J. Rod’s Music World

Justin Rodstrom

“Magic Potion” by The Black Keys

When a band like The Black Keys comes around, it warms my music-loving heart. When they were able to take that blues/hard rock format and reinvent it, reinvigorate it and reinterpret it, I was thrilled.

The Black Keys utilize a simplistic duo format, much like the White Stripes. The only real difference between the two is that you can take The Black Keys a little bit more seriously. Sure, the White Stripes are a great art-rock duo, and sure, Jack White is one of the more inventive guitarists to come around in the last 10 years (that’s not saying much for rock nowadays), but they’ve got a comic streak to them.

The Black Keys, on the other hand, give you straight-up, unleaded hard rock and blues the way it was meant to be served. The duo indulges in an album’s worth of blues jams and riff offs that don’t let up, complemented by the soulful, almost Steve Winwood-esque singing of Daniel Auerbach. Fans of classic rock, as well as some of the more adventurous indie-lovers will adore this release.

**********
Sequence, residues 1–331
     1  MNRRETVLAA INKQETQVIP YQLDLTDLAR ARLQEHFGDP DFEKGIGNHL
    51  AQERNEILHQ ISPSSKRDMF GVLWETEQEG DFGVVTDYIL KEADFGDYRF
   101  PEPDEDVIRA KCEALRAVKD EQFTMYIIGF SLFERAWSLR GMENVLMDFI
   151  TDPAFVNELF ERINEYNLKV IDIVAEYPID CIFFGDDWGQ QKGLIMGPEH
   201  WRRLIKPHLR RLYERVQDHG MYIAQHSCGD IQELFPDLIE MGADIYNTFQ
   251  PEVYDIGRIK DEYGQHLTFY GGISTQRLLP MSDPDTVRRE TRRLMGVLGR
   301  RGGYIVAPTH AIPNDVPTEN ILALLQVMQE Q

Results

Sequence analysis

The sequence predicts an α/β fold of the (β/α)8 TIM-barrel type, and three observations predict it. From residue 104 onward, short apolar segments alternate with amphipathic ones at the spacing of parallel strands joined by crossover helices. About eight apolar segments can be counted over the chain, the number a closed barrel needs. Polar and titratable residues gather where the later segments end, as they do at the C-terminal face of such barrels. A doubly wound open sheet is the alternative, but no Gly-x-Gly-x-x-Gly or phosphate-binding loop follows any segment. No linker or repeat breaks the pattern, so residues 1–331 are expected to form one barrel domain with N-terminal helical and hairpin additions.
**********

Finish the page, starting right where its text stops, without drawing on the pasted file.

Key Jams: “Just Got To Be,” “Strange Desire,” “The Flame”

A night of Metal Mayhem

Setting: a rainy Friday night in the heart of Philly. A line of strange looking people looming outside the converted warehouse called the Electric Factory. What took place inside was a thrashing of metallic riffs, headbanging and mosh-pitting mayhem.

With a lineup that included some of today’s biggest metal names, including Lamb of God, Machine Head and Trivium, the Electric Factory was literally packed to the rafters with metal-hungry Philadelphians.

Although Trivium and Machine Head both received their fair share of devil horns and applause, Lamb of God owned the night. It was in the air that the whole night was just one big lead up to the Lamb of God set. Sure, Trivium showed off its newfound thrash prowess, and Machine Head bulleted through a set of dark melodies, but nothing compared to the Philly reception for Lamb of God.

When those five guys from Virginia stepped onto the Electric Factory stage, all hell broke loose. With fans that would make even Slayer blush, Lamb of God wreaked havoc on Philadelphia. It would seem that Philly is one of Lamb of God’s favorite spots, as it already released a live album, titled “Killadelphia.” One could quickly see why the band has such an attraction to these parts.